Brad Penny saw that his season was going nowhere in Boston, asked for his unconditional release, and was given it yesterday. As bad as he has been lately, Penny provided plenty of value to the Sox, hurling 131.2 innings for them while the rotation suffered a massive mid-season meltdown. The 5.61 ERA ain’t pretty, but Fangraphs still has him as +2.1 wins above replacement. Don’t forget that he gave us some pretty good starts when our regulars began dropping like flies around the All-Star Break.

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A look at the rotation heading into September

As we head into the stretch, it’s nice to know that the rotation is in better shape than a month ago. Here’s a player-specific look at some of the issues.

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The rotation situation will work itself out

Here we sit on August 4th, one-half game out of first place. It was great that we got Victor Martinez at the trade deadline, but the infield corners are not the only place where it seems we have an overflow of players to deal with. The rotation also has a lot of dubious candidates and a lot of question marks; beyond our top two, who should be going out there every fifth day? Six guys, three rotation slots plus a backup starter role. Viewed positively, this is great depth. Negatively, we’re talking about six guys who all have their problems; in 16 starts since July 1, the back end of our rotation has posted a 5-6 record and a collective 6.32 ERA. There are a number of issues which need to be looked at for each one. Let’s think it out.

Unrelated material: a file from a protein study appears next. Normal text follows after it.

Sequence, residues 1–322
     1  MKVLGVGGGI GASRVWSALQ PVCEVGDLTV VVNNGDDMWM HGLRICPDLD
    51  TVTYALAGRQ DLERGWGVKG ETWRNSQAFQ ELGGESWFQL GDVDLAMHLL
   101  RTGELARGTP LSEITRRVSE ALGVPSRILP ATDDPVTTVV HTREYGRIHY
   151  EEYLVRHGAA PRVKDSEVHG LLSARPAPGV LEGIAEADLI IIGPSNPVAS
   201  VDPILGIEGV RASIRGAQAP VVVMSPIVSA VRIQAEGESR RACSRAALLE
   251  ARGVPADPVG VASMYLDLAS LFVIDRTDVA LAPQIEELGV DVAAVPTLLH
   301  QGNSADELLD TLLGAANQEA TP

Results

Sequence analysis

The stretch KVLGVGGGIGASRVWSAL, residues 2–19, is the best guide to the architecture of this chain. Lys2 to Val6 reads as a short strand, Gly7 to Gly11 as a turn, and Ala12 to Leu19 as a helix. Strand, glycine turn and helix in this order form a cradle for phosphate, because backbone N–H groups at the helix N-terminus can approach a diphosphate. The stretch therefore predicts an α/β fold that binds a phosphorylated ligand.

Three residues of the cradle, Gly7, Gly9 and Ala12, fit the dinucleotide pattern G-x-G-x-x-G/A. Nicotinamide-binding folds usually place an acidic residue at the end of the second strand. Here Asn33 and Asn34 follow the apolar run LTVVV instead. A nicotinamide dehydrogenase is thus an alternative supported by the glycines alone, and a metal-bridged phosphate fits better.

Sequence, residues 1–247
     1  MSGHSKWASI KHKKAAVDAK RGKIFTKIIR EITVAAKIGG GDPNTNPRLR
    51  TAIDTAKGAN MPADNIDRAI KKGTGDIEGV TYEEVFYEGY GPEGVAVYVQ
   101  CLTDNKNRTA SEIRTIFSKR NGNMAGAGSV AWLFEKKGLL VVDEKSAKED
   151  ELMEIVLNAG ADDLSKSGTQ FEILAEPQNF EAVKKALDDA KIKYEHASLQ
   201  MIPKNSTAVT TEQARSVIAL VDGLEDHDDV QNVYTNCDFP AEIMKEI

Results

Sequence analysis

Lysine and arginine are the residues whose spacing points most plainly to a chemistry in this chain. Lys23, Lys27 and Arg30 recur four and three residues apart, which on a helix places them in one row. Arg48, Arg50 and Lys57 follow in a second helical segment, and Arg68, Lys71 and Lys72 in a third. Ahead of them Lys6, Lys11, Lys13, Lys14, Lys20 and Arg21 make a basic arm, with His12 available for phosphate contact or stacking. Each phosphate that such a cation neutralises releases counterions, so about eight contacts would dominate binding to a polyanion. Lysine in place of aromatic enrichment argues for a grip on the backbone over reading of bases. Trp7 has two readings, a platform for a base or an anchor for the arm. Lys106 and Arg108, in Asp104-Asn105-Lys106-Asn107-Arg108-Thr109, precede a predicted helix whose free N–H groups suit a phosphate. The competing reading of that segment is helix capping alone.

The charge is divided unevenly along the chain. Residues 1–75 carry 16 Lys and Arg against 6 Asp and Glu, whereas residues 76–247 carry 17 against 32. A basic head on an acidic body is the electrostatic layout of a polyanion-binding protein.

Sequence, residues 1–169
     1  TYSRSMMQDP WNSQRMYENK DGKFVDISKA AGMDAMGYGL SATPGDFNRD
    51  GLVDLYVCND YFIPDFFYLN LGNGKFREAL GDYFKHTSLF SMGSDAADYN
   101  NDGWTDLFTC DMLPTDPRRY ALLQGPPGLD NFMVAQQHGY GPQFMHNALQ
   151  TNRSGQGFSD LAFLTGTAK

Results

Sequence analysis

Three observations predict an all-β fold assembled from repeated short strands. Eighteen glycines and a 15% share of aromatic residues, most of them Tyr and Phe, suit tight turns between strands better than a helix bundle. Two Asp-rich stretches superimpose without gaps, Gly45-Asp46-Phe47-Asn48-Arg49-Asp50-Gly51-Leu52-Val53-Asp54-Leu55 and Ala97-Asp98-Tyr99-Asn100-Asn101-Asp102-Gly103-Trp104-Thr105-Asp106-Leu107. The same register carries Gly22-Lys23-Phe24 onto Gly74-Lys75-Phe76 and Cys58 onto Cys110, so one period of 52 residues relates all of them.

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What to do with Smoltz?

Alright, time to tackle the topic of the day – John Smoltz. After six starts, the future Hall-of-Famer has averaged a mere 5 innings per outing and compiled a 7.04 ERA. This is not exactly what people were expecting, so the calls for him to be moved out of the rotation are growing. What can we say about the way he’s throwing the ball now, and can we expect things to get better for the 42-year old?

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Links: Buchholz, prospects and the schedule advantage

Clay Buchholz turned in a pretty good outing in his first start of 2009. Despite striking out just three batters, he showcased the stuff that has all of baseball asking for him at this year’s trade deadline. He used his fastball to good effect, and that changeup was quite effective; the curve, not so much. I think it’s pretty clear he belongs up here, so I fully expect Brad Penny to be dealt at the deadline.

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7/20/09 Injuries and contingencies

Hallelujah, Jed Lowrie is back! Lowrie appears to be healthy, but as the Sox are wont to do, they will bring him along cautiously, and platoon him with Nick Green for a while. Along with that move, Julio Lugo has been DFA’d to make room on the roster. Whether he is released or traded, the Red Sox will be eating the rest of his contract. Give Theo some credit for admitting his mistake in signing Lugo to an inflated 4-year deal.